Counseling for Children: Three Common Myths

There is often a stigma attached to mental illness or emotional hardship. Society does not often support or understand someone seeking out mental health services. The stigma can be even more pervasive when it comes to childhood mental health. There are quite a few misconceptions when about counseling for children. Let’s take a look at three of the more common myths.

Myth #1: Counseling for Children Only Applies to Serious Issues

Although therapy is recommended for children with depression, anxiety, or bipolar disorder, a child does not need to be diagnosed with a mental health condition to benefit from therapy. Therapy can be a preventative, proactive way to teach children to care for their mental health from an early age. Youth counseling is also a good way to help children handle difficult times, such as the death of a family member, parental divorce, trauma and victimization, or even stress in general.

Myth #2: Psychiatric Problems Come From Bad Parenting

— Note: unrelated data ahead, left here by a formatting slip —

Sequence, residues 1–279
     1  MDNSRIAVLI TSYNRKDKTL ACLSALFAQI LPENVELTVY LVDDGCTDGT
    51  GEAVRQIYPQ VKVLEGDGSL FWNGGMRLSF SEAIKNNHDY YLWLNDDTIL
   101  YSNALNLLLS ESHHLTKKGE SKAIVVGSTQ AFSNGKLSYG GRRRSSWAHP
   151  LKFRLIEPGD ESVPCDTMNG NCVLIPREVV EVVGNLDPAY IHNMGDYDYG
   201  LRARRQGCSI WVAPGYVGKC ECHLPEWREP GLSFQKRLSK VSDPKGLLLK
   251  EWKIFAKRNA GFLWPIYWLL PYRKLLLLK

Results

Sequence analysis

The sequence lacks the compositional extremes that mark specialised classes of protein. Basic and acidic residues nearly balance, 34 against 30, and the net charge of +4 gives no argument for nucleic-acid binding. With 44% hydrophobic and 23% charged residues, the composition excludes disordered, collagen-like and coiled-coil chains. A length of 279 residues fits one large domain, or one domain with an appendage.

This unsettling myth leads thousands of children to go without mental health treatment every year. However, a good psychiatrist or therapist can recognize the difference between bad behavior and true mental illness. A child’s home environment may exacerbate mental health symptoms, but home environments cannot directly cause things like learning disorders. Parents can, however, help children by supporting their mental health throughout the therapy process.

counseling for children

Myth #3: Children “Grow Out” of Mental Health Problems

In the U.S., one out of seven children between the ages of two and eight years have a diagnosed mental, behavioral, or developmental disorder (MBDD). Symptoms of these disorders can sometimes lessen over time; however, children with mental health conditions are more likely to “grow into” symptoms or complications than they are to “grow out of” an illness. Failing to get counseling for children who have mental health conditions because you think the condition is short-term may actually prolong the illness or make it more severe. Rather than waiting for the “phase” to pass, support your child in the present to help them have a brighter future.

If your child is showing signs of stress or exhibiting unusual behaviors, don’t fall into the trap of believing these myths. Your child’s happiness and future could depend on your support. For more information about counseling for children, call Keri Powell Therapy today.